Thrombosed varix of the superior ophthalmic vein causing unilateral proptosis

Dr Chinh Nguyen1, A/Prof  Nitin Verma1

1Royal Hobart Hospital , Hobart, Australia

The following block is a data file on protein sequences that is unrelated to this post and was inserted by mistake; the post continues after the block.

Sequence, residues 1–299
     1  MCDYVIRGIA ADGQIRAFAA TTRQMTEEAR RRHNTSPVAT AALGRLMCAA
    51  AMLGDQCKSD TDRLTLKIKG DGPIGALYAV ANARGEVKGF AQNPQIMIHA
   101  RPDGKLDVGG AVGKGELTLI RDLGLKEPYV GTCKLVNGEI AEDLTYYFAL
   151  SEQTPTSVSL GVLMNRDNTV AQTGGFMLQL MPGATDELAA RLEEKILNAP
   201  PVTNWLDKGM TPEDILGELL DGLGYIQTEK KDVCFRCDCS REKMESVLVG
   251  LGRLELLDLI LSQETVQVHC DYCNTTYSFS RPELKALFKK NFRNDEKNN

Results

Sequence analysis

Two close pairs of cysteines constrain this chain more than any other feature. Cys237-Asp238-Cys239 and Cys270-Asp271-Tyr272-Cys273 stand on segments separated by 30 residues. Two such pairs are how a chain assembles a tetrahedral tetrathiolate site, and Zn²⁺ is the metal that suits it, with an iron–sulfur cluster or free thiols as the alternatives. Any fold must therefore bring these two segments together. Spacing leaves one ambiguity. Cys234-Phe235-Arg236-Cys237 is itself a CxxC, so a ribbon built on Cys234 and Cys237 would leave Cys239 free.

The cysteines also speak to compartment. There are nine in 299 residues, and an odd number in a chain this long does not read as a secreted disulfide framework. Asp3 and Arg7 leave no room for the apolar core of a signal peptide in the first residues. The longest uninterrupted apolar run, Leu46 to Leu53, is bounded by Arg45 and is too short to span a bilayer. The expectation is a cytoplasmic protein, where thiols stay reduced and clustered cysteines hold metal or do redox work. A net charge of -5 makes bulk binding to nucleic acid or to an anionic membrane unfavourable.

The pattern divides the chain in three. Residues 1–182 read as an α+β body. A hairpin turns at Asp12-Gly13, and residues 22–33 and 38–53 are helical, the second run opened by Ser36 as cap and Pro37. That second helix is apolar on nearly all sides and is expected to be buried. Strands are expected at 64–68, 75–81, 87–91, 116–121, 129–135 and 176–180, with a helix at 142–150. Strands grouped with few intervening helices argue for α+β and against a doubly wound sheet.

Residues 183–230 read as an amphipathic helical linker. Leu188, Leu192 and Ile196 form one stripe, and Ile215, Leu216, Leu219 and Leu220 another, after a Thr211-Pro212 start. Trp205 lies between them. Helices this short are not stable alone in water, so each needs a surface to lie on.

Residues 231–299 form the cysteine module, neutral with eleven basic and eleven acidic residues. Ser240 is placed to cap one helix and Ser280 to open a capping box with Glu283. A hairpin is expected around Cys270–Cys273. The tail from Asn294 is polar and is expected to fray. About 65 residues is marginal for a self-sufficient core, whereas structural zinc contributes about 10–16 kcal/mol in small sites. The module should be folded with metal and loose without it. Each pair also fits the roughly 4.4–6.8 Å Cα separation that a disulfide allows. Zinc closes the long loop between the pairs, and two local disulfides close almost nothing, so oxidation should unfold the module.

78 year-old female presented with proptosis, lid chemosis and diplopia on the right eye. The patient never had a history of head trauma or any other significant trauma. Magnetic resonance imaging angiography showed a thrombosed varix of the superior ophthalmic vein, with no evidence of dural arteriovenous fistula or vascular malformation. Digital subtraction angiography (DSA) was performed one week following the initial presentation, and in the mean time the patient was admitted for observation without anticoagulation. DSA found the thrombosed varix to have re-vascularised on its own at day seven of admission. All symptoms subsided after 2 weeks of the intial presentation. This case study demonstrated that an isolated thrombosed varix of an ophthalmic vein may resolve on it’s own, without the need for anticoagulation or surgery.